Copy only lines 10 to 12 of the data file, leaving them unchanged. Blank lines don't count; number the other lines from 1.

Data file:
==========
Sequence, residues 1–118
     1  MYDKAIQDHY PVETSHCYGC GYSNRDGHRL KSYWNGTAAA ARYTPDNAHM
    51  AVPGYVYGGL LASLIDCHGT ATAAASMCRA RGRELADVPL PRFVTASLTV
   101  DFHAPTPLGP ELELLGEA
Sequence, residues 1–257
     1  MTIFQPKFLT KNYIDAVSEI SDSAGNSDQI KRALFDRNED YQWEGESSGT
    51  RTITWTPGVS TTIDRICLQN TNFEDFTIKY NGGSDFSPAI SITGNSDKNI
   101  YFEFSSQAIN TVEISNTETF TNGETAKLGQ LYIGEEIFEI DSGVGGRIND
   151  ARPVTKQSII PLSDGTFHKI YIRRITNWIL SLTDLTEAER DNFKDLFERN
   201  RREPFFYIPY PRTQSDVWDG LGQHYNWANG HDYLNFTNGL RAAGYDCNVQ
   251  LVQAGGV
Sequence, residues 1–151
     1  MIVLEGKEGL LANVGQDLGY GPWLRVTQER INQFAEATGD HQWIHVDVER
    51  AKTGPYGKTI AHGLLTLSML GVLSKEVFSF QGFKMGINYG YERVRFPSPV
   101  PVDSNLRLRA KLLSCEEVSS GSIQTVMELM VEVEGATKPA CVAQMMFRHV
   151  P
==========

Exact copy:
   201  RREPFFYIPY PRTQSDVWDG LGQHYNWANG HDYLNFTNGL RAAGYDCNVQ
   251  LVQAGGV
Sequence, residues 1–151